LIZA LEONARD- Tarifa at dusk was blue and chilly. The small port town in the province of Cadiz is the southern-most point in Continental Europe and looks out over the straight of Gibraltar. As we rumbled into the coastal town, there was already a feeling of otherworldliness. The painted-white houses, facing Morocco, the wind and the sunset, the blue rippling water spraying salt air, a sense of being somewhere very far away.
From Tarifa, we set out across the straight of Gibraltar, it was dark and cold and the one-hour journey felt almost mysterious. When we stepped off the ferry on the other side, we were in Africa. I had reached a new continent! Being in Africa, if only for a few short days, was magical in that it reminded me of the feeling of being an outsider. Throughout the past few months, I have lived my life in such a way as to conquer that feeling in Spain. I live with a host family, I speak the language to the best of my ability, I sign up for local extracurricular classes, I look like I know where I am going as I power-walk down the streets to get to class on time, sometimes, I even try to dress like the beautiful Spanish girls (that one rarely works).
In Morocco, on a continent I had never set foot on before, I was reminded how much I do not know. I was there as a tourist, looking in on a culture and a people that I am not familiar with. I was happy to be there to learn, and to enjoy the cities and sights as a tourist, but I could not have easily experienced a local version of Morocco. Just as it takes understanding and work to live as a local in Spain, it would take extensive learning about the language and society in Morocco to have been there without a tour bus. Regardless, I was blown away by each city we visited, by the beauty of the green landscapes and mountains in between, and of the evident differences in culture that lie only a ferry-ride away from familiar Spain.
The first thing I noticed upon reaching Morocco was the local dress. Many of the men were wearing snuggie-like long coats with pointed hoods. Most of the women had their hair covered. Unsurprisingly, I stood out with my pale, freckled skin and long hair. One surprise for me was the mountainous landscape in the north of Morocco. The bus rides to the different cities were one of the most positive parts of the trip because I got to see the terrain. The hills were dotted with houses, with laundry out to dry in the sun, and with multitudes of children chasing each other and playing soccer.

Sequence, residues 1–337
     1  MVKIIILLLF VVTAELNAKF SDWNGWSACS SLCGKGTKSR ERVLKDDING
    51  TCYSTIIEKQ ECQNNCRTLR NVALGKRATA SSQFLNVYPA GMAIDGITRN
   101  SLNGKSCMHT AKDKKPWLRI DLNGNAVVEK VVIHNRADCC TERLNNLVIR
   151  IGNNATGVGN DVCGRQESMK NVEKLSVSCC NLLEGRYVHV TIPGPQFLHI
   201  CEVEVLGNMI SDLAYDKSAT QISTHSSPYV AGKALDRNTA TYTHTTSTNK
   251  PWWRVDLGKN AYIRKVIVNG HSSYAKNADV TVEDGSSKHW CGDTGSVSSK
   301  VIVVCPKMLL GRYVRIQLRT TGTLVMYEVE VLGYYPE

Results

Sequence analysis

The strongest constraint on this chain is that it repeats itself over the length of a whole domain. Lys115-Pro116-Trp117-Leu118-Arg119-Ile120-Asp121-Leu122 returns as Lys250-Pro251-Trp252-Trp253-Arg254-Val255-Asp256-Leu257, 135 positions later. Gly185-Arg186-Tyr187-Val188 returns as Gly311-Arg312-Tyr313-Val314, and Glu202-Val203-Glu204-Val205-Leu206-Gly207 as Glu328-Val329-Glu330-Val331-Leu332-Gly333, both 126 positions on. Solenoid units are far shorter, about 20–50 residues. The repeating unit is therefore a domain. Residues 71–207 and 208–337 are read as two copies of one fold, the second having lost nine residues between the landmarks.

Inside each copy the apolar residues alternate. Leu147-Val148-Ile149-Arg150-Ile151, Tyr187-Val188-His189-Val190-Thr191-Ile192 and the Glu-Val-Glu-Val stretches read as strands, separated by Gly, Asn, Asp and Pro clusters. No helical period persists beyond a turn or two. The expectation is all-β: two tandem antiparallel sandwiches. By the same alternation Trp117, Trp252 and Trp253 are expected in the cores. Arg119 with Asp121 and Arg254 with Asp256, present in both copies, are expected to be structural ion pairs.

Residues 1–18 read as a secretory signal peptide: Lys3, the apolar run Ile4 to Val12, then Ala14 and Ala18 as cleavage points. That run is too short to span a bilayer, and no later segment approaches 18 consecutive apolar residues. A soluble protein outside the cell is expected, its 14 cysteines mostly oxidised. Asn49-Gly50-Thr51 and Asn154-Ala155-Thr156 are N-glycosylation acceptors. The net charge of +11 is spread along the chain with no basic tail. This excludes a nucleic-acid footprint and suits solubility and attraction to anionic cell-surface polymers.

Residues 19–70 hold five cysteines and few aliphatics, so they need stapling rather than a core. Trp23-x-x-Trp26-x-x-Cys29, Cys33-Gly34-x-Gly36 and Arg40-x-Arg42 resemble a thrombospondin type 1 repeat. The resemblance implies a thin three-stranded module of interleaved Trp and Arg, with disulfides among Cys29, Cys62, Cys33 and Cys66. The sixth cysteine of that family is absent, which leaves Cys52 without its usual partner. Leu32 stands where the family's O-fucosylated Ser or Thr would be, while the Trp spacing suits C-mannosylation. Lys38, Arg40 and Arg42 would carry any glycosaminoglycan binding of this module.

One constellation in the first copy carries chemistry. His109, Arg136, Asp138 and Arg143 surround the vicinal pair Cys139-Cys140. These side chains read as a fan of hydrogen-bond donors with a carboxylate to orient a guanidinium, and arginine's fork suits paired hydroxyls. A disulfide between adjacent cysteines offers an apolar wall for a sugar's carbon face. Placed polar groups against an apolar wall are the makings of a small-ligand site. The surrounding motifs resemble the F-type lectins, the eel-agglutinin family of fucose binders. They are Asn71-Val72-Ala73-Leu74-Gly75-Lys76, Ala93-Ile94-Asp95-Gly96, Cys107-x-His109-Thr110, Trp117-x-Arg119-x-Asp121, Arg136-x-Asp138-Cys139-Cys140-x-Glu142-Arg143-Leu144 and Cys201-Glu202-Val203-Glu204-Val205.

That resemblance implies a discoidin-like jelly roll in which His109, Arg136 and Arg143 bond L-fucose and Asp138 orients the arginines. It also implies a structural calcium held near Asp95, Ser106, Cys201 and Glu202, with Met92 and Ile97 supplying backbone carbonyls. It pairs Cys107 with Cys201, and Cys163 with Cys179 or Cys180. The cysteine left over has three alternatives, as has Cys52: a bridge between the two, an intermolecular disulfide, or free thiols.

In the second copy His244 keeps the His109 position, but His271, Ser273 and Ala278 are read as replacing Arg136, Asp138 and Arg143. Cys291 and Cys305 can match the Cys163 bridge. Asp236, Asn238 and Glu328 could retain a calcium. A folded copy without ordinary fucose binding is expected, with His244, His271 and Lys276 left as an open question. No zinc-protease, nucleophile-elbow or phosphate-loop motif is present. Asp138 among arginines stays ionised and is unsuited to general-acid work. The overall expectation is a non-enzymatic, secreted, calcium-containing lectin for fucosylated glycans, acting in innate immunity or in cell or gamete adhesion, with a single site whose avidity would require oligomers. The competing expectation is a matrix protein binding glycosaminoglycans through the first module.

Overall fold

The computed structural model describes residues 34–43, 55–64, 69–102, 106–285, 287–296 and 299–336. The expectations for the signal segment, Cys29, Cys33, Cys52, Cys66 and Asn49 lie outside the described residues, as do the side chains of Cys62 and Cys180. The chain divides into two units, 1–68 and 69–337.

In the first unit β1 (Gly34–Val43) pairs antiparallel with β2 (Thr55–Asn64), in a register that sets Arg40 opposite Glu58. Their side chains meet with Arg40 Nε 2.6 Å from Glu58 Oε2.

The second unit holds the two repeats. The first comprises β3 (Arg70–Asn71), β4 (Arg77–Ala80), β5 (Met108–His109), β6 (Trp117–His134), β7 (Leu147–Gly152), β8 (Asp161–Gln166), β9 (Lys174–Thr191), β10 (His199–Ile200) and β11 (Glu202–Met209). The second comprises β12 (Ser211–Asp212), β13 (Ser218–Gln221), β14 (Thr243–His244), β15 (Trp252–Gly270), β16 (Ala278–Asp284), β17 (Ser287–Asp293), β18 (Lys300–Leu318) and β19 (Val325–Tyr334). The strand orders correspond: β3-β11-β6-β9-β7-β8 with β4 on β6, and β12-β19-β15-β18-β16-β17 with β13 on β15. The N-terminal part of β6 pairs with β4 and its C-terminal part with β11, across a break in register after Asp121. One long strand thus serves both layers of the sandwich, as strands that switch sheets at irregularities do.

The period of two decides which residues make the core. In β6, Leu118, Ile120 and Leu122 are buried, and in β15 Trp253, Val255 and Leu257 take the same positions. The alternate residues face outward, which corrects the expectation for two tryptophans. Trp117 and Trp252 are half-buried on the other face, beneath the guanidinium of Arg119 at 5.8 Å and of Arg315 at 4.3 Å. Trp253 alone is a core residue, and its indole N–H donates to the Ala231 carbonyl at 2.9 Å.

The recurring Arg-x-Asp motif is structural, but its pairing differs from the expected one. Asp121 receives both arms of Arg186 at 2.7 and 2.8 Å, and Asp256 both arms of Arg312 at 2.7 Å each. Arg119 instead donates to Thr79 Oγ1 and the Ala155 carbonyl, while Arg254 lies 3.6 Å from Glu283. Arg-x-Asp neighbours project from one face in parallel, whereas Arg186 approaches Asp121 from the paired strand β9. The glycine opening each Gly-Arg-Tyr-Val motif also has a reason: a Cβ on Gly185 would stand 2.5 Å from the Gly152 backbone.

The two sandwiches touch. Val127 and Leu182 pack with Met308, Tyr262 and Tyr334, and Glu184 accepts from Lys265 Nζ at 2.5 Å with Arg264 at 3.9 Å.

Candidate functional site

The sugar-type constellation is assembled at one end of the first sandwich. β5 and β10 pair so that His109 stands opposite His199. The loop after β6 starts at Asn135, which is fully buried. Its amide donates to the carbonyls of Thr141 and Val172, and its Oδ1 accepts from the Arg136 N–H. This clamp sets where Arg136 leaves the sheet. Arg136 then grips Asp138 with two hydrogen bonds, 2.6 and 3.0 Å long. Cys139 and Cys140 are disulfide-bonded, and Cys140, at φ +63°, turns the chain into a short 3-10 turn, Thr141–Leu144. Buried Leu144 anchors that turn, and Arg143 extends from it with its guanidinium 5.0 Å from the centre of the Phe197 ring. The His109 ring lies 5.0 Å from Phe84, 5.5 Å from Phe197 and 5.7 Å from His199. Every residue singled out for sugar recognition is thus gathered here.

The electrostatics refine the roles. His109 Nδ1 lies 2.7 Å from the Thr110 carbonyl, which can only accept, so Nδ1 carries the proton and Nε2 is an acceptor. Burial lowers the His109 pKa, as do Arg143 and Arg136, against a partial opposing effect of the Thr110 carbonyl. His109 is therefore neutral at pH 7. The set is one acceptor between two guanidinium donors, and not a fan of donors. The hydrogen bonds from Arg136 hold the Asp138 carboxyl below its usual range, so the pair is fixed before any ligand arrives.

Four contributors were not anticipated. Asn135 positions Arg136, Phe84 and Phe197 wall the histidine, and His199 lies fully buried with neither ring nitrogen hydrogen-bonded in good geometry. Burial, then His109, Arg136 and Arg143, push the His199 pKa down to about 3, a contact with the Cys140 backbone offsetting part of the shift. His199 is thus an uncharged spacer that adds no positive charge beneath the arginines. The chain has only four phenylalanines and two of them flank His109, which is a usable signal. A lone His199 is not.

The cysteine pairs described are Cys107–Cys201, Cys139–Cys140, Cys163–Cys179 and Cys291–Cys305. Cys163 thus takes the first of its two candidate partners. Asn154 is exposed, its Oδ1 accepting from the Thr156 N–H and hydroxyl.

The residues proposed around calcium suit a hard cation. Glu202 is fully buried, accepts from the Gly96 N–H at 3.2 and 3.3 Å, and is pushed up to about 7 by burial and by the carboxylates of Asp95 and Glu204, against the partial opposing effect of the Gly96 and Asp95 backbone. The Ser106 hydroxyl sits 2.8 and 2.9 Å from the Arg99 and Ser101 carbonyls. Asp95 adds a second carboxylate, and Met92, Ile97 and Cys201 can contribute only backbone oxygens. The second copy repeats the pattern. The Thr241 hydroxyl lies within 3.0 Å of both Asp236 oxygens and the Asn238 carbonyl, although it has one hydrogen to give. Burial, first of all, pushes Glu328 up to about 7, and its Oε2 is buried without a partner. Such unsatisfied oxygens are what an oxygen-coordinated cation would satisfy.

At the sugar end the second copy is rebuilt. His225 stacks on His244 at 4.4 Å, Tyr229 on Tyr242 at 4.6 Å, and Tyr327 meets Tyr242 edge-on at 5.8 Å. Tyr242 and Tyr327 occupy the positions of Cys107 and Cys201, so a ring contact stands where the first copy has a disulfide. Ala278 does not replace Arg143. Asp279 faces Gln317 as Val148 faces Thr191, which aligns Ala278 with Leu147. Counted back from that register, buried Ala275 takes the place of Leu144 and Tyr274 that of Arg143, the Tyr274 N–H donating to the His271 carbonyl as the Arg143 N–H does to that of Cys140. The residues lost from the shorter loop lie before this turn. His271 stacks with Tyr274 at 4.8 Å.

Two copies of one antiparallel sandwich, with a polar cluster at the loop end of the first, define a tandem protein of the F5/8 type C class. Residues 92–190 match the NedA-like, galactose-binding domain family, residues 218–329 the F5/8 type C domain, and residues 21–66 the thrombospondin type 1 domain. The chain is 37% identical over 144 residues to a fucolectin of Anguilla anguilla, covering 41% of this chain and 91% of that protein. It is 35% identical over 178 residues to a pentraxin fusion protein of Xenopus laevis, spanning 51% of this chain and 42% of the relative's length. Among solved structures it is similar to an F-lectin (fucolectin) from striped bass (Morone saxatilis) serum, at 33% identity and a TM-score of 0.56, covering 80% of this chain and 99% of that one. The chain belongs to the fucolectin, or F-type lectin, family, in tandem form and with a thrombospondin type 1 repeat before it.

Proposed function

The cities Chefchaouen and Asilah were both stunning. Chefchaouen was a maze of woven-together white houses, painted blue at the base to allow for cooling in the hot summer months. Asihla had a similar color palette but it was located on the coast. Asilah had a sea wall with breaking blue waves and a shore dotted with rocks and sand.
There was definitely a focus on tourists spending money. In the sunshine of the day, all the shops were open and displaying beautiful Moroccan wares, inviting visitors to come in and buy souvenirs. There were hand made sandals and shoes, pottery, jewelry, rugs, tapestries, clothing, and more. The selection was beautiful and overwhelming. Part of me wanted to be there oblivious to the shopping opportunities, but another part of me recognized that many of the locals depended on tourists buying knick-knacks for their livelihood.
Almost all the vendors and locals I spoke to were very friendly. I was astonished by there positive, laid back attitude. Most of them were happy to have me into their shop to look around and did not pressure me to buy anything. Speaking Spanish helped. For most of the locals in this part of Morocco, after Arabic they speak French, then Spanish, then English. Spanish is a slightly more comfortable language for them to converse in than English. It was easy to discuss business transactions and casual conversations in Spanish, and I think most of them were happy to speak in Spanish rather than the English they use with most American visitors.
I had nowhere near enough time to explore Morocco but I am happy I had the chance to see a few beautiful cities, to see both the green landscape of the North and the coast, to speak with some locals, to eat the food, and to feel the ground of a new continent beneath my feet for just a few days. It was enough to remind myself that even though I now feel comfortable and local in Spain, that feeling is not something I should take for granted. Traveling to new places, with respect and an attitude of interest, is hard work. I need to remember that there are places in the world that will challenge me much more than the northern tip of Morocco, and I will have to be able to balance in the space between where I come from and how I can adapt to somewhere new.